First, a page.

STUDY SUMMARY FOR THE STUDY PROPONENT
Cottonique underwear was found to be clearly superior to another underwear brand, also labeled “hypoallergenic” and “100% cotton” for subjects with underwear allergy. The study was done late last year by dermatologist investigators.
At a Clinical and Research Center using a hard-nosed form of scientific study called double blind randomized controlled trial. The subjects, who believed they were allergic to their underwear, when examined had rashes that were found at the underwear areas. They were a varied multi-heritage group, with skin phototypes ranging from II to V.
To confirm that they had underwear allergy, they were first given a 5-day skin testing procedure where 98 allergy causing chemicals (allergens) were applied in test patches to their skin, kept firmly in place for 48 hours, then removed.
The skin test sites were then examined for reactions, up to 2 days after patch removal. At least one positive reaction to any allergen known to be present in underwear (used in making the textile, like formaldehyde resins and dyes or of the article of clothing, like elastics its accessories, like metal closures; the laundry soap; or fabric softener), confirmed underwear allergy. These were the subjects who were assigned randomly (to avoid bias), to Cottonique or to the Control (comparison underwear).
At baseline, then after each week of using the assigned underwear, for 4 weeks, the skin of the subjects was examined in a “double blind way”. This means that neither the subjects nor the investigators knew which type of underwear the subject was assigned to wear. Investigators asked the subjects what they felt or thought about the underwear’s effect on their skin; and also made their own clinical evaluations. To quantify these subjective evaluations, dermatological instruments were used to measure these effects.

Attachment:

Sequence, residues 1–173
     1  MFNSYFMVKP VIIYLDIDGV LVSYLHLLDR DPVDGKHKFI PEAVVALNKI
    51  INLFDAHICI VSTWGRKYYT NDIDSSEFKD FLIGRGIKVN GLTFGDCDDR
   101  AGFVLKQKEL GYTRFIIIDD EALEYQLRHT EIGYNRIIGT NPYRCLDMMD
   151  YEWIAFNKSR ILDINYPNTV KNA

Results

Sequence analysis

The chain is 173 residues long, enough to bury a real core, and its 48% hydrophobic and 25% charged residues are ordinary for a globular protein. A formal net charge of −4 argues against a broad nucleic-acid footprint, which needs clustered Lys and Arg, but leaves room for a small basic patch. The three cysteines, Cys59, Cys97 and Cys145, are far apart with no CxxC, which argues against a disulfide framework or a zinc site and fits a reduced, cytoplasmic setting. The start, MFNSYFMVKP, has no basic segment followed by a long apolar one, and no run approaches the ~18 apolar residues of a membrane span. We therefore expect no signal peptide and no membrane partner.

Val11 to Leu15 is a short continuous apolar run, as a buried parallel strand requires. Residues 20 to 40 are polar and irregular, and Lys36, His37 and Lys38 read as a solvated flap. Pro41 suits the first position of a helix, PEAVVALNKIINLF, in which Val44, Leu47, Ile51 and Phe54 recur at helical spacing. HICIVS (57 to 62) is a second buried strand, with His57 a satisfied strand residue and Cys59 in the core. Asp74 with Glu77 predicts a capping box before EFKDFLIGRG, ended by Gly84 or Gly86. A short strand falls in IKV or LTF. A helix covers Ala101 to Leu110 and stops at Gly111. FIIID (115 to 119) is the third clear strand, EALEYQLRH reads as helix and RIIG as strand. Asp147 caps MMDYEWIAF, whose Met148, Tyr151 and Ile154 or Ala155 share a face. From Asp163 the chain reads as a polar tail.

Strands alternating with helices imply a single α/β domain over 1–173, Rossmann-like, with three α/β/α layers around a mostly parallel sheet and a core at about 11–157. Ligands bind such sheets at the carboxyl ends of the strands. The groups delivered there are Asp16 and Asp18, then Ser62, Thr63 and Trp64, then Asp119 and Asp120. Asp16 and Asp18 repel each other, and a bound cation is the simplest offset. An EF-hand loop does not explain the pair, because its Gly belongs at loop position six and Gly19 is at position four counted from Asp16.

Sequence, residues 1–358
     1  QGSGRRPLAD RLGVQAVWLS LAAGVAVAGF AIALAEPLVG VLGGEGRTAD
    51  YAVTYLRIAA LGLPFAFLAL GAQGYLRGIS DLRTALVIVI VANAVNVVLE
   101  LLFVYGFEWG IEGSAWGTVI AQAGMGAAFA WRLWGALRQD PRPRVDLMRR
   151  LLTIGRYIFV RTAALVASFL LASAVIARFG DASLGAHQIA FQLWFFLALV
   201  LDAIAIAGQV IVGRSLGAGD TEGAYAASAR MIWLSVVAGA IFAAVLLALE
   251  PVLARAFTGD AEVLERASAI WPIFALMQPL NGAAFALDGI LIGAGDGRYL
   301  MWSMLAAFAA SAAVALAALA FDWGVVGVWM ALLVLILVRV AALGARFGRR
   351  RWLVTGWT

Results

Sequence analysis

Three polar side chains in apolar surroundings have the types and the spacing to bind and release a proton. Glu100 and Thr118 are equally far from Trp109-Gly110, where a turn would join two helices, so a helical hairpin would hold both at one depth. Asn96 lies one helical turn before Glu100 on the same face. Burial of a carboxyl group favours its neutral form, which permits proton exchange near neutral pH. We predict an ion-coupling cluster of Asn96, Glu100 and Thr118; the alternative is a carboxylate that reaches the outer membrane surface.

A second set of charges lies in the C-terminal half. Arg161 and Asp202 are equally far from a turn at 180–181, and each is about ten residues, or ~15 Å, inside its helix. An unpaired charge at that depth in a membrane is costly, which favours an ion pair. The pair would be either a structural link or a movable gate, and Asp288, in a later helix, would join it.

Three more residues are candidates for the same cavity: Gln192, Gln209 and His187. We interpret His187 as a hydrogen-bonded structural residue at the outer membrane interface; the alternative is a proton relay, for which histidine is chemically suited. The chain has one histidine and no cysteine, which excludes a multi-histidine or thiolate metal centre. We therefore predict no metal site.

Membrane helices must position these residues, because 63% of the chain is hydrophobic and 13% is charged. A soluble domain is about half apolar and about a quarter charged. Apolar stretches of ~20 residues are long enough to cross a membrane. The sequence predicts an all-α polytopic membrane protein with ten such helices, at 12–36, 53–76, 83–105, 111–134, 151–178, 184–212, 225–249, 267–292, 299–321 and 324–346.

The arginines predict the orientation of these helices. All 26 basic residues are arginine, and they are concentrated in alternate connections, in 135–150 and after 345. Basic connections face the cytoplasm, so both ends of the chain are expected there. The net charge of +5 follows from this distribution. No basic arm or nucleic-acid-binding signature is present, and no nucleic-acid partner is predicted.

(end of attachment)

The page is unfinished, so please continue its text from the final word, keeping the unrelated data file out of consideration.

Top skin (using bra/undershirt) or Bottom (panty/brief) instrument readings between baseline and the end of the study, uniformly showed Cottonique underwear users to have: declines in redness, and in skin darkening, which are signs of the inflammation of underwear dermatitis. Most of those using the Control underwear had increased readings or redness and pigmentation. Increased thickening (from hydration) of the outermost layer of the skin means recovery from inflammation. This was significant in top and bottom areas of Cottonique wearers; less significant for the Control wearers.
A basic skin function – to preserve water – was restored after one month in most of the Cottonique wearers while this was not yet restored in most of those wearing the control.
The doctors and patients also had very similar clinical evaluations: Doctors reported moderate to marked improvement in 88% of Cottonique subjects, and 32% improvement in Control wearers. Patients on Cottonique vs. Control rates as moderated, marked and complete improvement as follows:
Skin lightening is a slow process, so the last rating is understandable, although the trend based on the other ratings, is for Cottonique wearers to eventually lighten faster than Control underwear users.
A product that pays attention to the removal of formaldehyde resins, dyes, metal accessories; use carefully chosen, or sewn on elastic materials (described by Cottonique in their product claims) may be of help to people with underwear
Vermen M. Verallo-Rowell, M.D.